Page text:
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ADVANCE Perspective: Physical Therapy & Rehab Medicine

Empathy in the Curriculum

Published February 18, 2016 9:45 PM by Dillon Stickle

ANAHEIM, CA -- As most of you know, the APTA Combined Sections Meeting (CSM) is underway, and ADVANCE is excited to be here to cover the happenings of the nation's largest conference for physical therapy. According to the CSM website, this year's conference has brought over 10,000 professionals from all around the country to join in learning and celebrating the physical therapy profession, and to hear from veteran PTs speaking on various topics.

The first notable session was the Linda Crane Memorial Lecture, named after one of the first PTs to be certified in a specialty by the APTA. The speaker was Julie Ann Star, PT, DPT, CCS, clinical associate professor at Boston University and physical therapist at Beth Israel Deaconess Medial Center in Boston, MA. The title of her lecture was "The Science of Healing. The Art of Caring. #heartofthematter."

Star told stories of her days as a PT, and as a healthcare professional in general. She told the story of the Boston Marathon bombing, and how when push came to shove, every single healthcare professional there that day stepped up to the plate. Star asked a question to the audience; a thought-provoking question: Which way will you run? She said that the responsibility of the professional is to run toward the danger; after all, the core idea of healthcare is to help people who are sick or hurt.

Star followed these stories with an idea that maybe the curriculum of PT schools didn't involve enough learning of empathy, compassion, and communication. This was the "art" of physical therapy. She shared a shocking study that showed in the last 10 years, empathy in DPT students has dropped dramatically. She pondered: "If the art of PT is to ensure the highest standard of excellence, then we need to be intentional about it. Are we teaching this in our curriculum?"

At the end of the lecture, Star told a memory of the week after the bombing, when her friend asked, "Isn't the younger brother alive and being treated at your hospital?" After Star replied, "yes," her friend asked, "Well, you're not going to help take care of him, are you?"

 Star looked to the audience and challenged: "would you?"

 We will be covering a lot more at #APTACSM in the next couple days and are excited to see what else the conference has in store. Check in with us for more updates, and be sure to follow us on Facebook (Advance for Physical Therapy and Rehab Medicine) and Twitter (@AdvanceforPT)!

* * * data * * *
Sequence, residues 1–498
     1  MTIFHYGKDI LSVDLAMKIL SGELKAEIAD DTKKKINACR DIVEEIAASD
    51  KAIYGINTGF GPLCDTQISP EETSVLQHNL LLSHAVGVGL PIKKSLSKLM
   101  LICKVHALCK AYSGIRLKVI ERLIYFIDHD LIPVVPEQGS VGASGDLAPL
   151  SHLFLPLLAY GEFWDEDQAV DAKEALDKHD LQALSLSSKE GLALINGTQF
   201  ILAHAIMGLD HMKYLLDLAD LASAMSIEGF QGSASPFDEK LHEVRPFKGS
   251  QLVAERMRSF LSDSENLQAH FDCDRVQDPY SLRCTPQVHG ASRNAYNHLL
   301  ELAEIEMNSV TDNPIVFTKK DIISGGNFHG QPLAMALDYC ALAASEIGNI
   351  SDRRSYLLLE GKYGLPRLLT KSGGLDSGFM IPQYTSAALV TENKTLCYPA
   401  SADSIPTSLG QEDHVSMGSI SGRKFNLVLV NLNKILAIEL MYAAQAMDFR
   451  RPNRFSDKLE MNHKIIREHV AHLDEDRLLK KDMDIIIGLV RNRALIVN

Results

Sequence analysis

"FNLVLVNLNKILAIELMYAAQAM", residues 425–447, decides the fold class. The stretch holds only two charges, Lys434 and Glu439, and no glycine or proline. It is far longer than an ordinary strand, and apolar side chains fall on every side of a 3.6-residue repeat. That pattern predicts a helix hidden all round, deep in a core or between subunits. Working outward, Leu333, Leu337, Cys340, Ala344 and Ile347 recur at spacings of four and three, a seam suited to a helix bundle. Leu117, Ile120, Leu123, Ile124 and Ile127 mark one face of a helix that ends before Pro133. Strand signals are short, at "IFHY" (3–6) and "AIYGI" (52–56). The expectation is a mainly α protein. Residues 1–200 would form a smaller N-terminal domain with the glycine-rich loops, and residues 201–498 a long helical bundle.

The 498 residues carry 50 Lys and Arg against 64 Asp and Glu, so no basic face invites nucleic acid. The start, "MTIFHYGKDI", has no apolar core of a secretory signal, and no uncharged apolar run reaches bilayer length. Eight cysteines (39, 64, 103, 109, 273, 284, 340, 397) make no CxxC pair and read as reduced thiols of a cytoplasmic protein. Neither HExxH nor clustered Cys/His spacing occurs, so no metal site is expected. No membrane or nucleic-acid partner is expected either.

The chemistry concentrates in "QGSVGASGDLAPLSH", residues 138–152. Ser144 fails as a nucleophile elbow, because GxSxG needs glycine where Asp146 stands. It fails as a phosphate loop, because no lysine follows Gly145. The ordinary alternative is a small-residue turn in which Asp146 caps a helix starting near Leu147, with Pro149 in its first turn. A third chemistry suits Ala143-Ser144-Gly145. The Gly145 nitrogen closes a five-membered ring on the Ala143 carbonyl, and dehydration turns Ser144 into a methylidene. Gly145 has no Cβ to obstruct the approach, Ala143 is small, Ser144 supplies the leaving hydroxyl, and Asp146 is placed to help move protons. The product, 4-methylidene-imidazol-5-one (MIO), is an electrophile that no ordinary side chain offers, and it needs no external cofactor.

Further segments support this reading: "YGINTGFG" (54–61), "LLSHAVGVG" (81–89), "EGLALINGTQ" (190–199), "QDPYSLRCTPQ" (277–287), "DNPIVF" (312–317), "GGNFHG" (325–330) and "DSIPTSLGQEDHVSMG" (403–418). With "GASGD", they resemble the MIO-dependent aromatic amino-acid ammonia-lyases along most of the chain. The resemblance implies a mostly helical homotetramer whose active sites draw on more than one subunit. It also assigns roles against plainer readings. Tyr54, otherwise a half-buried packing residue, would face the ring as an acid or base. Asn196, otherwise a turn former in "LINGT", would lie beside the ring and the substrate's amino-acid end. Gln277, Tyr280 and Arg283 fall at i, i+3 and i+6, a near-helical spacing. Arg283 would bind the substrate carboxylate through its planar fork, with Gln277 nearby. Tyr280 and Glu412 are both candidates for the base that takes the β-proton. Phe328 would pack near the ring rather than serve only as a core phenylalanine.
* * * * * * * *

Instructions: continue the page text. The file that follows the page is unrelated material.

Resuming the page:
1 comments

I agree with Julie Star that the "art" of physical therapy comes into play with our communication skills, ability to empathize, and how we demonstrate compassion to our patients. These are often skills that are difficult to teach someone, as compared to the practical PT skills we learn in school such as examination and interventions. I know that in our DPT curriculum at East Carolina University, professors emphasize empathy in classes such as psychosocial aspects of patient care where we discuss how to consider the many factors that play a role in someone's recovery or in our health promotions class where we learn strategies for health literacy with patient education and focusing on patient-first language. I also believe DPT programs that ensure they are sending students on good clinical rotations with CIs who operate by an ethical and moral compass and demonstrate examples of how to provide compassion to all patients regardless of circumstances goes further than any classroom lecture. I have been fortunate to learn from some of the best. I already feel like I was a compassionate person before I started PT school, as are most who desire to help others, but I can certainly say I was humbled by my interactions with professors, classmates, and patients over the last 3 years, and I am a much better clinician and person now. It is our responsibility to never stop learning and growing professionally or personally. I think all it takes for schools to include these principles in their curriculum and instill the "art" of physical therapy in the minds of students and future leaders of our profession is to be intentional about it, like Julie said.

Rachel, SPT April 1, 2017 10:16 PM

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